On the evening of February 6th, as part of the PV America East Trade Show and Conference, a select group of solar developers, financiers, equipment manufacturers, and installers gathered to hear a presentation on the state of the East Coast SREC Markets by Brad Bowery, CEO of SREC Trade Inc. The event was organized and hosted by Pure Power Engineering, Inc. as part of their core philosophy of adding value for their customers wherever possible. Rick Ivins, President of Pure Power Engineering explains. “Our specialty is designing systems and then project managing their construction in such way that we increase the profitability of our clients’ projects. We wanted to approach the problem from a different angle and help them with their profitability by providing information from the financial side of the equation. Brad did a great job of doing just that.” The presentation focused on the challenging New Jersey SREC market, as well as the current trends in Massachusetts, and Maryland. Attendees of the presentation were very interested in the message. Rick Peters, President of Solar Energy Services Inc. of Millersville MD commented “It was very insightful to hear Brad speak about the regional SREC markets. It was particularly valuable to hear his perspective on MDV-SEIA’s approach in helping to maintain a stable SREC market in Maryland.”

Now is the Time of Year For Solar Maintenance

Solar arrays are valuable revenue generating assets that require a certain amount of maintenance.  How much exactly depends on what type of installation we are talking about (ground mount vs. roof mount), the size of the installation (obviously larger systems require more than small systems), the system’s age (older systems require more), and numerous smaller factors such as the tilt of the panels (flatter systems require more maintenance) and the quality of the original installation itself (better installs should lead to less maintenance).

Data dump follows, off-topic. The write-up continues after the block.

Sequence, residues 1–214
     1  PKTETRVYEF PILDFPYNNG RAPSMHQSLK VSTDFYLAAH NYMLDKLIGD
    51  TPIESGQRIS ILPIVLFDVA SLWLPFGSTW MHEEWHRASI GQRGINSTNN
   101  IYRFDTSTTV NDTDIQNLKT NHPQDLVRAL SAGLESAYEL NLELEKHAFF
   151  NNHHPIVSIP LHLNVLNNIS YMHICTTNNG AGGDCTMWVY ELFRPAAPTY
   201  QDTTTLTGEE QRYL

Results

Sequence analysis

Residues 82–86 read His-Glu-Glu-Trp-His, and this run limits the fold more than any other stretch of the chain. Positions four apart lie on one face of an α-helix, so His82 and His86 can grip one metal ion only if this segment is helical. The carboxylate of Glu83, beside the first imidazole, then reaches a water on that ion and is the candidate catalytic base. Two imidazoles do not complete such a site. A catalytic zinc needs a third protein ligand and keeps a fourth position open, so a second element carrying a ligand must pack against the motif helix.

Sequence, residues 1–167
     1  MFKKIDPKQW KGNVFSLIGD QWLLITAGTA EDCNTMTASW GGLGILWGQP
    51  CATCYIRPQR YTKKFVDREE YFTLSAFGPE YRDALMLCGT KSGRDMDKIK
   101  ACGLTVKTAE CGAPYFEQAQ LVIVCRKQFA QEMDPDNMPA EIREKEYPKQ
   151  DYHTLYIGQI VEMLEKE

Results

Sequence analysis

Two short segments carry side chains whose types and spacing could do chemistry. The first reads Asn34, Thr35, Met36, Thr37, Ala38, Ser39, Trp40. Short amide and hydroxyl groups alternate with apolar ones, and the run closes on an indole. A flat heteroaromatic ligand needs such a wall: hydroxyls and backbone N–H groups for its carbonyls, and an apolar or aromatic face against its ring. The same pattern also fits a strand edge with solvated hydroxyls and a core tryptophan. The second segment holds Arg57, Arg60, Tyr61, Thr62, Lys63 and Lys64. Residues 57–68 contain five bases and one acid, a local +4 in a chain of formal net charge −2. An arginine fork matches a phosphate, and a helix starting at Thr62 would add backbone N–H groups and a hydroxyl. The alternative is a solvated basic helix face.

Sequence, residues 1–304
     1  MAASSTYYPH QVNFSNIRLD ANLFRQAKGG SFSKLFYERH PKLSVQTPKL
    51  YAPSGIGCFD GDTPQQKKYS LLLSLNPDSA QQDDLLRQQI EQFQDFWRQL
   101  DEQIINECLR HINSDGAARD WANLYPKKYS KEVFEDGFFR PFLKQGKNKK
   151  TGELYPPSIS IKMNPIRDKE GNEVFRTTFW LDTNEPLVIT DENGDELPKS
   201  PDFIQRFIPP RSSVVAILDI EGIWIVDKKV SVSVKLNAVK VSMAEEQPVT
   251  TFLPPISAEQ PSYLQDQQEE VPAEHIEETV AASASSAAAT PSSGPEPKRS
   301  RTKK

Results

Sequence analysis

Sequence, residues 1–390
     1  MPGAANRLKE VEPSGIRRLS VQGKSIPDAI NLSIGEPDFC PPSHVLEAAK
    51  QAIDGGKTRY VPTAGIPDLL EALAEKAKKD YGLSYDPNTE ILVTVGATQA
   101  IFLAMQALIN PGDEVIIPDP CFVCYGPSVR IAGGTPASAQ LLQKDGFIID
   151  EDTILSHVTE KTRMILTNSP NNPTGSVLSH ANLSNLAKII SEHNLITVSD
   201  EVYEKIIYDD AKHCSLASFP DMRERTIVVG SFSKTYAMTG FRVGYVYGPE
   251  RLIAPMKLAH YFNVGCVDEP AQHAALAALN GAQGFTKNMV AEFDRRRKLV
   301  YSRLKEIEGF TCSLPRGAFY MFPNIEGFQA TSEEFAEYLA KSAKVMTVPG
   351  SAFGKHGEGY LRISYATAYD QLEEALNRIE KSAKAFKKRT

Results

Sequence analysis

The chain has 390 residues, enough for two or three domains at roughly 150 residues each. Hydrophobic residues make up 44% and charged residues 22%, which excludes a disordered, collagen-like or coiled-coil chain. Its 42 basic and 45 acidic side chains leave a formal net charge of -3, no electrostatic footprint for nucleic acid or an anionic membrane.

With all of these factors influencing the amount of maintenance a system requires how is the system owner to know what is appropriate for their system? The easiest way to answer that is by asking what your risk tolerance is. If you are the type of person who gets their oil changed every 1500 miles, and never misses a checkup at the dealer, then you should definitely have your solar array looked at more than once a year. If you tend to push the envelope when it comes to changing your oil or painting your house, then maybe an annual checkup is enough. All systems, no matter what their size, tilt, mounting method, etc. should have an annual check up performed by a qualified technician.

The best time to perform maintenance is actually in the late fall / early winter. Daily generation rates are at an annual low at this point on the calendar and shutting the array down for a day or two if necessary will not amount to significant lost revenue. In fact sometimes it is three times cheaper in terms of lost revenue to maintain a system in December than in the peak generation months of April or May.

Some other points to consider about solar maintenance:

  • Snow removal from atop a solar array is not necessary from an electricity generation standpoint.  The snow will absolutely melt within a few days and the amount of electricity you are missing out on does not justify the cost of removing the snow.
  • Snow removal may be necessary however if the system is roof mounted and if the roof cannot handle the combined weight of the snow and the array.  This condition is next to impossible to find on a pitched roof that utilizes a penetrated racking.  Flat roofs with ballasted systems are the most likely to face these sorts of issues.  In New Jersey roofs with ballasted systems must be capable of carrying the weight of the array plus the prescribed snow load (The snow load starts at 20 pounds per square foot in the shore areas and southern part of the state, and increases up to 30 pounds per square foot in Warren and Sussex counties in the northwest).
  • Snow removal should only be performed under the supervision of a qualified solar technician.  A considerable amount of damage can be done using shovels and other tools around a solar array.  You may be risking your installation and manufacturer’s warranty if you do not have the proper supervision.
  • A little maintenance can go a long way – small issues have a disproportional effect on array performance.  A loose connection here, and a few dirty panels there can really reduce your production.  The only way to reduce these effects is through regular maintenance.